'Role of The role of virtual communities of practice in knowledge management using web 2.0' by Al-ghamdi and Al-ghamdi (2015): this research is a discussion of the critical importance of knowledge management (KM) in helping organisations to improve performance and achieve the desired goals. The focus of the research is on the obstacles to the application of KM, most prominent of which are the difficulty of tacit KM, the poor cooperation and sharing in KM, and the difficulty of dealing with KM techniques. This research aims to determine how to take advantage of the VCoPs that employ Web 2.0 technologies to overcome these obstacles. A discussion is presented on how Web 2.0-based CoP plays major roles in capturing tacit knowledge, facilitating innovation, as well as knowledge sharing and collaboration. However, no model or approach is mentioned to enable the optimisation of knowledge sharing within VCoPs.
'Research on knowledge sharing in communities of practice in international development' by Cummings (2015) focuses on the role of CoP in its ability to link actors from many different organisations and different constituencies. Online communities are able to link people and organisations across continents. The research discusses the experience of CoPs in the development sector. These experiences will be relevant to other non-development activities, which may be less organisation bound, such as the health sector and academia. There is no mention of any model surrounding the optimisation of knowledge sharing within VCoPs.
'Research on knowledge sharing in virtual distributed environments: main motivators, discrepancies of findings and suggestions for future research' by Chen and Hew (2015): this research reviews some previous empirical research that identifies the main theories and factors used to explain online knowledge sharing. The findings suggest that the incentive items of knowledge sharing could be grouped into three main categories: personal, social factors and organisational factors. Of these factors, trust is the most widely discussed. Further, this research focusses on several main discrepancies among past research studies, such as the notion of perceived compatibility, norm of reciprocity and trust to provide possible directions for future studies. Discrepancies that exist in the behaviour and intention of knowledge sharing are discussed. For example, a number of studies indicate trust as a positive factor that motivates knowledge sharing intention, which results in the contribution to the actual knowledge sharing behaviour. At the same time, the research discusses other studies suggesting that the influence of trust in knowledge sharing behaviour is not significant. There is no mention of any model or approach to knowledge optimisation in VCoPs.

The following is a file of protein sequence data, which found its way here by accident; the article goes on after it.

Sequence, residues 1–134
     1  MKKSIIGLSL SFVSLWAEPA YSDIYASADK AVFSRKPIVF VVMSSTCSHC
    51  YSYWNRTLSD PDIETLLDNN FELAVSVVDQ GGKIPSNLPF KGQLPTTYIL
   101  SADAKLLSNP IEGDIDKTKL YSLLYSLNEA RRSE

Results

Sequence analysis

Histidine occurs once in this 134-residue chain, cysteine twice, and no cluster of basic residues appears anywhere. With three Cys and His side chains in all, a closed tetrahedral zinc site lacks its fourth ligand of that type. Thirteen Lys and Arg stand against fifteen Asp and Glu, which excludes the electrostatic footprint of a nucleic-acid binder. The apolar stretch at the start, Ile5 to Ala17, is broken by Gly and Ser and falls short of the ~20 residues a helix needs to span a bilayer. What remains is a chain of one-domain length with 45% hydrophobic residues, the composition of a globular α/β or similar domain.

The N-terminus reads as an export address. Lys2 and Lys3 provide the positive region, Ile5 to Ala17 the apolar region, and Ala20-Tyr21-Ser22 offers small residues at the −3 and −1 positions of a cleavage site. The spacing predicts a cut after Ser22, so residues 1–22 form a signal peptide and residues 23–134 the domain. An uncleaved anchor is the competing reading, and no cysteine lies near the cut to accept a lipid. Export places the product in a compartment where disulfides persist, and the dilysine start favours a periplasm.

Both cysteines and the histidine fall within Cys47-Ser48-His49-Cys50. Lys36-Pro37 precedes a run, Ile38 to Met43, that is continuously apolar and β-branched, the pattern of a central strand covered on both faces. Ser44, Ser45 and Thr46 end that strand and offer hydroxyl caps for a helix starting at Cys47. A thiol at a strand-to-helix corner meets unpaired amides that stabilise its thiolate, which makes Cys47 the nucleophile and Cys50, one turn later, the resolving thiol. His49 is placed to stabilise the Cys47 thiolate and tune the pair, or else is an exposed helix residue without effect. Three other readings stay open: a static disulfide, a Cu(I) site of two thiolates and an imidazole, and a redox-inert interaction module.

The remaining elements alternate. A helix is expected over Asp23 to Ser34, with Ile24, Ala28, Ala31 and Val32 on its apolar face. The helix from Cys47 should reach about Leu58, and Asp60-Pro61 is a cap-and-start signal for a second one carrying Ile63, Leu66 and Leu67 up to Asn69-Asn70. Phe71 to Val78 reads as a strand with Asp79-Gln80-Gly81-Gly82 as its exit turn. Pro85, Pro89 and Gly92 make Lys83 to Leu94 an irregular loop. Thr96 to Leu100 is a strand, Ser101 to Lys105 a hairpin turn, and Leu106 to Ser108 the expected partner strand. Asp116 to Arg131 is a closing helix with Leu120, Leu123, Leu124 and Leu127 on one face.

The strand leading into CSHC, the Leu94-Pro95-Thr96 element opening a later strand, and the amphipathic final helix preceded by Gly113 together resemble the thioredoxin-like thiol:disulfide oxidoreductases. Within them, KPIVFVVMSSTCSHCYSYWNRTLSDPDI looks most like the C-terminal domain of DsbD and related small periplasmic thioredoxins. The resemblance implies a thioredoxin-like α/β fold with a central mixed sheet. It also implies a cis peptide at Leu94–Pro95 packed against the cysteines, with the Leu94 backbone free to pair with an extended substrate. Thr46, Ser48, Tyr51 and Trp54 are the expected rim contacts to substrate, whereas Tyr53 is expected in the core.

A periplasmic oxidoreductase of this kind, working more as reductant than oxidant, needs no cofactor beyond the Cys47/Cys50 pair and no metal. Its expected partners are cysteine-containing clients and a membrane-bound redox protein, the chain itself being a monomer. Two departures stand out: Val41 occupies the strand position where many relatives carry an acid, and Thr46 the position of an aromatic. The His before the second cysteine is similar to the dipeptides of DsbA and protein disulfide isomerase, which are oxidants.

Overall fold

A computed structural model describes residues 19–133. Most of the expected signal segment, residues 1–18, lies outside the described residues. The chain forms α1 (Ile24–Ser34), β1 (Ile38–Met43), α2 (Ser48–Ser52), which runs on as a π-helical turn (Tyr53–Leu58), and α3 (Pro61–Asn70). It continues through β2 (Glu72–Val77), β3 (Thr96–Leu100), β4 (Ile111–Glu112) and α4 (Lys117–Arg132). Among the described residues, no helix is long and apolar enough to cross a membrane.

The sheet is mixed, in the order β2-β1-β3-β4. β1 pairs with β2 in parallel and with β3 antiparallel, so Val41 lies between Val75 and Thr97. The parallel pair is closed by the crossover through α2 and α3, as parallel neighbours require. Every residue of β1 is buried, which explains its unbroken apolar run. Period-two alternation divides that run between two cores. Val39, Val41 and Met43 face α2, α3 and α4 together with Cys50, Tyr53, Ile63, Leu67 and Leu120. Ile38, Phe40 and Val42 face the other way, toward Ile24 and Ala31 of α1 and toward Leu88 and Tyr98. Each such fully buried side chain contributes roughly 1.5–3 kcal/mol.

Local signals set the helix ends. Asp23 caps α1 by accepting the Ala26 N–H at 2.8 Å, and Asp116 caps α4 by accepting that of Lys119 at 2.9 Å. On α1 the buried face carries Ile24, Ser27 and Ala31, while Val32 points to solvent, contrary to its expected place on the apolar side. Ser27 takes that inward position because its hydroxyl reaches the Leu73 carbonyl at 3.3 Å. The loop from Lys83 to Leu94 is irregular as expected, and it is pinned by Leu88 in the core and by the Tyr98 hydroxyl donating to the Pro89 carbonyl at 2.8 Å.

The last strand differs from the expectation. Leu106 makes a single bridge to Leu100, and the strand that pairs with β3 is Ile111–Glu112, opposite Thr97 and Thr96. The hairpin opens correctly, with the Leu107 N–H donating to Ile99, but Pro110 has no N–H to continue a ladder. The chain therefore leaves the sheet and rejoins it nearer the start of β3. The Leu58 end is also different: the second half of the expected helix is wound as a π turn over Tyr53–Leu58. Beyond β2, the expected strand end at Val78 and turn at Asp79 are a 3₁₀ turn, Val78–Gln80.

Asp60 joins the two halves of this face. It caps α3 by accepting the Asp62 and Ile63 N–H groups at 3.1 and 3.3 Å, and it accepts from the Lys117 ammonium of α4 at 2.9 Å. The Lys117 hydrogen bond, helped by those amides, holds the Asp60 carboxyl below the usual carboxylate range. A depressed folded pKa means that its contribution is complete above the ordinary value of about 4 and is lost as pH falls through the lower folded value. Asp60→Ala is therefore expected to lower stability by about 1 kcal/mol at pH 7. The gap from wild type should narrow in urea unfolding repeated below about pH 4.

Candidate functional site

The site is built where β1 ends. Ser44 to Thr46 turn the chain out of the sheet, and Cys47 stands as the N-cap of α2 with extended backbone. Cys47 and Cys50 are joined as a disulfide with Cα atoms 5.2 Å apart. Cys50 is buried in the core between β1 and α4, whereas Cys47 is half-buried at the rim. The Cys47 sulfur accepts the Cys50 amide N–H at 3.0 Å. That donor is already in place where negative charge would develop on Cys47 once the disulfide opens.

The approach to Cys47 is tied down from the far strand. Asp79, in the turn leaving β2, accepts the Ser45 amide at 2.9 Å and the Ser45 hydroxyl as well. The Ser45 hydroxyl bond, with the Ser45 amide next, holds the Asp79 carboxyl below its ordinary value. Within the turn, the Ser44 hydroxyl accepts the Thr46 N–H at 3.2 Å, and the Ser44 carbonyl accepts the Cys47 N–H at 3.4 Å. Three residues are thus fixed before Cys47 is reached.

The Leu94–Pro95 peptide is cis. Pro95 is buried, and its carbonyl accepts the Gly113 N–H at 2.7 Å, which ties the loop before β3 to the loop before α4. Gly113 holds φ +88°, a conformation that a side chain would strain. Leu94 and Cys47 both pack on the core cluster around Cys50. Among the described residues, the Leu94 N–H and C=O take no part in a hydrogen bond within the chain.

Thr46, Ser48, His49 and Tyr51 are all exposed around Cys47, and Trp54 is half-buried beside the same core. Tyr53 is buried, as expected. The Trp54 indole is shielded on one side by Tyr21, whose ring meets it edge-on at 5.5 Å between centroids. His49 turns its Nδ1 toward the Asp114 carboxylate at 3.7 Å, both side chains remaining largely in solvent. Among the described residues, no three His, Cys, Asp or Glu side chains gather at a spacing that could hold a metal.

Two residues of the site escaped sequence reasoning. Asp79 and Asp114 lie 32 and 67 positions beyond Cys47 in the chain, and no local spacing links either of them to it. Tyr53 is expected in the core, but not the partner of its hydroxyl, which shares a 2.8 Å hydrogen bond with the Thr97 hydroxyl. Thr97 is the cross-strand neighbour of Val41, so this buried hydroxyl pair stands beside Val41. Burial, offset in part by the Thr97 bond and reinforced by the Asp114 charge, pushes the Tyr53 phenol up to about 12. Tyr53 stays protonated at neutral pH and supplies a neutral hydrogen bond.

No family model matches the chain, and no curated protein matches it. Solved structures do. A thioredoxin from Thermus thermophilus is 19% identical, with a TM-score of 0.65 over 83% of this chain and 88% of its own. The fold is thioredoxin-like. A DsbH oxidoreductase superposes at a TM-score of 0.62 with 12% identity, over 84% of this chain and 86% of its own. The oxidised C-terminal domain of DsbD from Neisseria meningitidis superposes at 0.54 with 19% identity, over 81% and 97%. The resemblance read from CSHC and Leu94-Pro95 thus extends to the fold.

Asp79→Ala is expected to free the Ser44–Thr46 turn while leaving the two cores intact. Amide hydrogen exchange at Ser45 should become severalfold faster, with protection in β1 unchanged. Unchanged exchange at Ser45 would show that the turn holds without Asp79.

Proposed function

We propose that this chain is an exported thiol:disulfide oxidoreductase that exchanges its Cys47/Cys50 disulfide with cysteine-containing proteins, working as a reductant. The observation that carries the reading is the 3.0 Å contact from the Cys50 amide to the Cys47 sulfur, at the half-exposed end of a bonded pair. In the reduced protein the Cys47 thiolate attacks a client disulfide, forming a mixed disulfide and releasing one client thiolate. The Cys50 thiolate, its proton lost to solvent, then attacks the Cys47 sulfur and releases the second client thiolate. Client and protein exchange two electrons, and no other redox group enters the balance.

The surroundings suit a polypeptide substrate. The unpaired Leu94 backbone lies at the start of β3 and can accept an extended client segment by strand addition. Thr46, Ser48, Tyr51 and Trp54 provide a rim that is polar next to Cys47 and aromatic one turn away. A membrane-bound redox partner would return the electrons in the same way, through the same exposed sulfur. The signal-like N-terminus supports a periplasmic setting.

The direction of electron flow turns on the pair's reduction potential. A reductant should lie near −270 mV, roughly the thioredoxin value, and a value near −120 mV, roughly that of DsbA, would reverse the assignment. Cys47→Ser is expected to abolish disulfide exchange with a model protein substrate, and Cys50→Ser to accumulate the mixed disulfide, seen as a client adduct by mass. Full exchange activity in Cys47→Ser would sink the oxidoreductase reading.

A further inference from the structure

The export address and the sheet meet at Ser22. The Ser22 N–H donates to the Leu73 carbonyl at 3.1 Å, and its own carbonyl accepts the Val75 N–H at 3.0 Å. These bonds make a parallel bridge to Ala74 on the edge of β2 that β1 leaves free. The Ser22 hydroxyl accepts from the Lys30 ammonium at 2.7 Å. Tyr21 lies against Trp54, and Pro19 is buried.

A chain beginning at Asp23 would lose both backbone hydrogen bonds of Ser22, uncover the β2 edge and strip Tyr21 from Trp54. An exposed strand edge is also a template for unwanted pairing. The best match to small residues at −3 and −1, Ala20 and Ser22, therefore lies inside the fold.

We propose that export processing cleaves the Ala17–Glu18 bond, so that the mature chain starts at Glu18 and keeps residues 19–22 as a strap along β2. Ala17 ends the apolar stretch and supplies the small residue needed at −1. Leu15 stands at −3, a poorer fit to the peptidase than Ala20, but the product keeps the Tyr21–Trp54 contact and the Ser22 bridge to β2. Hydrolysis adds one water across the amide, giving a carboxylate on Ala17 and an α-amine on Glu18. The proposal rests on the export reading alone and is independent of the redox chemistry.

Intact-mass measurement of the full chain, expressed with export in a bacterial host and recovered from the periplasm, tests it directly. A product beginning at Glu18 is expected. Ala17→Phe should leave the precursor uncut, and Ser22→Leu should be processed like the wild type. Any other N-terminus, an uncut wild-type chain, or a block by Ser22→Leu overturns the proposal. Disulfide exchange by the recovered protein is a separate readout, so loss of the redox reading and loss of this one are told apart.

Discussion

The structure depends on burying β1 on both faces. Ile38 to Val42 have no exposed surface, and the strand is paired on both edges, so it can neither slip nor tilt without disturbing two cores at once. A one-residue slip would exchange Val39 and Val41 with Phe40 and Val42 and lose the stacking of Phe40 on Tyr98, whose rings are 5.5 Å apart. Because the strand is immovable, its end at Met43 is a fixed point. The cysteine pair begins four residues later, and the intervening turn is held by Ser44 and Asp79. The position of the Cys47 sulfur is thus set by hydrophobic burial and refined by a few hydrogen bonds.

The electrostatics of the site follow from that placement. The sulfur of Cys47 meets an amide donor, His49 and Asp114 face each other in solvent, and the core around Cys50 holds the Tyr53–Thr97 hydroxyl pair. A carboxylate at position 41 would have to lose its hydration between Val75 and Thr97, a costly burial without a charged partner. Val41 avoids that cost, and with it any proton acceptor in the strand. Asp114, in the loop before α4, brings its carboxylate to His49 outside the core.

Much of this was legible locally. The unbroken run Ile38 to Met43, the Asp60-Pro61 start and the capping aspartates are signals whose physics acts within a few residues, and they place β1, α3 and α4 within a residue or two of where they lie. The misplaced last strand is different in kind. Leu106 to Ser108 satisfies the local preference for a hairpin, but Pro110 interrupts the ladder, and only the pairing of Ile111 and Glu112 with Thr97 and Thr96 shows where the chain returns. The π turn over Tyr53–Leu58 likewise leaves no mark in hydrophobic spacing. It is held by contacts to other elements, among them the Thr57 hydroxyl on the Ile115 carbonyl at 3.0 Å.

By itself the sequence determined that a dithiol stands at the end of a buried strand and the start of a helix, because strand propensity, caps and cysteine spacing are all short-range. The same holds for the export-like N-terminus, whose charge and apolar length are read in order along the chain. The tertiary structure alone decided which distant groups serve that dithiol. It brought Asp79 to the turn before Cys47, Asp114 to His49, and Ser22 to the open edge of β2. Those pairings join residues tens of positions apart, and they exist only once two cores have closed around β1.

'Research on knowledge sharing in communities of practice: Examining usefulness of knowledge from discussion forums versus repositories' by Boh (2014): this research takes on the role that ICTs play in supporting knowledge sharing in VCoPs. It examines the use of two key types of ICTs - knowledge repositories and online discussion forums. Two event-driven questionnaires were conducted with members of a CoP in a consulting firm to test a hypothesis. The hypothesis is about how various factors would differ in their influence on knowledge sourcing from knowledge repositories and online discussion forums. There is little empirical research comparing how different types of ICTs are effectively utilised for knowledge sharing. Much of the KM literature has focussed on supply-side arguments for both knowledge repositories and discussion forums. There is; however, increasing recognition that it is also important to examine the demand side - examining what facilitates knowledge seeking. This research adds to demand-side knowledge seeking. It focusses on the demand for knowledge in CoPs by examining how CoP members source and reuse knowledge from others through knowledge repositories and online discussion forums. This particularly examines the purposeful use of both knowledge repositories and online discussion forums in CoPs as alternative knowledge sources when individuals conducting knowledge work are looking for specific types of knowledge to solve a problem on hand.
Therefore, literature published between 2012 and 2016 indicates there are no research results available that have a focus on scientific models or approaches that may enable the optimisation of knowledge sharing within VCoPs. This compelled the authors to explore and find relevance in conducting research to investigate the existence of a scientific model or approach that enables the optimisation of knowledge sharing within VCoPs.